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Making Every Drop Count

Hung Kuo Building’s rainwater tank at basement level, can store more than 100 tons for re-use.
Hung Kuo Building’s rainwater tank at basement level, can store more than 100 tons for re-use.

In our previous article we discussed the significant amount of energy required for the air conditioning systems to keep a building the size of Hung Kuo comfortable for occupants in the summer. But energy is not the only resource that such systems are hungry for; they also require a lot of water. Between 2018 and 2022, water consumption during the warmest months of the year (May to October) was an average of 30.1% greater than during the cooler months (November to April).


Much of this rise is due to the increased operation of the cooling towers, which evaporate water as part of a heat exchange process to keep the interior of the building cool. During particularly hot months, the cooling towers can be responsible for as much as 60% of total building water consumption. In 2020, our cooling towers consumed 14,400 metric tons of water, which is more than five and a half Olympic-sized swimming pools’ worth. 73.1% of that total annual consumption (or 4.2 Olympic-sized swimming pools) occurred during the warmest six months between May and October.


The cooling towers
The cooling towers

On the one hand, this seems like a lot of water, and it is. But, on the other hand, it’s just a drop in the bucket compared to the 743.1 million m3 of water consumed in Taipei in 2020 (or 297,256 Olympic-sized swimming pools). Even though, as part of the bigger picture, any water savings we make at Hung Kuo Building might seem insignificant, we’ve been working very hard over the past few years to decrease the amount of water the cooling towers draw each summer.


The volume of water being consumed in Taipei has increased considerably over the past decade.  According to the Taipei Water Department, a total of 583.4 million cubic meters of water was consumed? to in Taipei in 2013. This has increased to 700 million m3 in 2022, peaking at just over 746 million m3 in 2021(1).


Data:  Taipei Water Department


This increase must also be considered against the backdrop of a decline in rainfall and associated chronic water supply challenge affecting the whole of Taiwan. This worrying trend is only predicted to get worse as global heating changes the traditional course of the typhoons that supplied Taiwan with much of its rain(2).


Data: Central Weather Bureau


So, we feel it’s incumbent upon us to do whatever we can to reduce our burden on the collective supplies of this increasingly precious resource. Since 2020, despite summer temperatures not being any cooler, we’ve reduced May-October water consumption of the cooling towers by 5.7% and 10.7% year-on-year simply through careful management and fine-tuning of operating practices – representing savings of 2,294 m3 over 2020 consumption, or almost an entire Olympic-sized swimming pool.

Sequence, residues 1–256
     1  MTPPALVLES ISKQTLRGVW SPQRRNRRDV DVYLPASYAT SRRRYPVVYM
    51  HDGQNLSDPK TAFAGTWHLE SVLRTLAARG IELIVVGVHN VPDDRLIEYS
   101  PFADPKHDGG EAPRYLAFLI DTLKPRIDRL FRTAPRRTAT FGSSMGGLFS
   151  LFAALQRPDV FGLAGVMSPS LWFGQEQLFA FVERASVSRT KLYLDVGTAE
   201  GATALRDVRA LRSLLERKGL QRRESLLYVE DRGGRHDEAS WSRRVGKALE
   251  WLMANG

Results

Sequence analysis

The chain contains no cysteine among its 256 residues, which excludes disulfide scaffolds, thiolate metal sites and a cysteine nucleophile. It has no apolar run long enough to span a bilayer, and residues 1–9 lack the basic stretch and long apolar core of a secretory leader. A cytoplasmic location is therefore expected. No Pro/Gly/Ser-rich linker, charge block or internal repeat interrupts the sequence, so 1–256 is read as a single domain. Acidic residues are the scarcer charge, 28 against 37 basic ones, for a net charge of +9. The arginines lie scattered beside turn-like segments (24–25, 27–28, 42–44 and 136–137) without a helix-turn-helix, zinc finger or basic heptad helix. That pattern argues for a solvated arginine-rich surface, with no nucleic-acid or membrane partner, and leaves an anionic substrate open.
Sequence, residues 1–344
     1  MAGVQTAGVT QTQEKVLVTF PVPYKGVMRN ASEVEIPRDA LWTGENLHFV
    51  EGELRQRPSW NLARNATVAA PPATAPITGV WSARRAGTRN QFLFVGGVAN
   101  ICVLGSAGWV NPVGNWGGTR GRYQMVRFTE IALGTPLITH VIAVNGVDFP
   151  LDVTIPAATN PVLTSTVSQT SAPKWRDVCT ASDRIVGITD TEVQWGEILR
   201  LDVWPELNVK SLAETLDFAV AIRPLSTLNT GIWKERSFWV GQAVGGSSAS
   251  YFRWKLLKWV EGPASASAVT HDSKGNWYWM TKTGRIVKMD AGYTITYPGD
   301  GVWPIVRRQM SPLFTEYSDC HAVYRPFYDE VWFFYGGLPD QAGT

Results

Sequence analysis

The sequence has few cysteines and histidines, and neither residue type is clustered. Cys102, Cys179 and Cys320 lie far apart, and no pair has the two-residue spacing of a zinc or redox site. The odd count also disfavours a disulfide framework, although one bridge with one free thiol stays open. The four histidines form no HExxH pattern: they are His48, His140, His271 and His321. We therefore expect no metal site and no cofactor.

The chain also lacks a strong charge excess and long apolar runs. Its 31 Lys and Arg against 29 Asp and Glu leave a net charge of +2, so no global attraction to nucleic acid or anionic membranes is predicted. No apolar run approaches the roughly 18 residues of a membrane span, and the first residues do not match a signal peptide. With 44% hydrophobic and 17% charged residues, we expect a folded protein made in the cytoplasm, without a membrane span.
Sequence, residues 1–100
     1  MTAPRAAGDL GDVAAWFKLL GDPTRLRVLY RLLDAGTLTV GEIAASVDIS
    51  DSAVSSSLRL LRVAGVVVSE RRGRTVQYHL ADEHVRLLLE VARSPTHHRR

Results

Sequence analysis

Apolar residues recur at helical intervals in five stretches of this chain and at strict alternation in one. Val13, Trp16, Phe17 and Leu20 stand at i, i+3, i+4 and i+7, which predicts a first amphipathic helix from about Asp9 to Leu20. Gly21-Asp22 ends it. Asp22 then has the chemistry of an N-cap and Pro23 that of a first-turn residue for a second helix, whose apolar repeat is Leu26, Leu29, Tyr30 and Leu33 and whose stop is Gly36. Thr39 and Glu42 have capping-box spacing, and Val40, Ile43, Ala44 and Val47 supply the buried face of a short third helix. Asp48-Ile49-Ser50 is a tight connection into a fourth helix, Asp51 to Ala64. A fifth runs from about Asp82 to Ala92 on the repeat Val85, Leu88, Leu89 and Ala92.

But we’ve decided we can do even better. This summer, we have connected our rainwater storage tank to the cooling towers. This system, which collects rainwater falling on the building’s roof, also collects water produced as condensation from the fan coil units on each floor of the building. So, from now on, our cooling towers will be able to use recycled water whenever it’s available, which should have a significant reduction on our burden of the municipal supply. We’ll be reporting back on the impact of this systems upgrade in the coming years and encourage all other office buildings in Taiwan to consider the potential to enact similar game-changing building improvements to help prepare our society to face an increasingly uncertain future.


Rainwater is pumped from the basement storage tank through the green pipes, where it undergoes a final filtration process before being fed into the cooling towers.
Rainwater is pumped from the basement storage tank through the green pipes, where it undergoes a final filtration process before being fed into the cooling towers.

The cooling towers don’t evaporate 100% of the water and waste water is collected and sent back down to the basement rainwater tank for filtration and reuse.
The cooling towers don’t evaporate 100% of the water and waste water is collected and sent back down to the basement rainwater tank for filtration and reuse.


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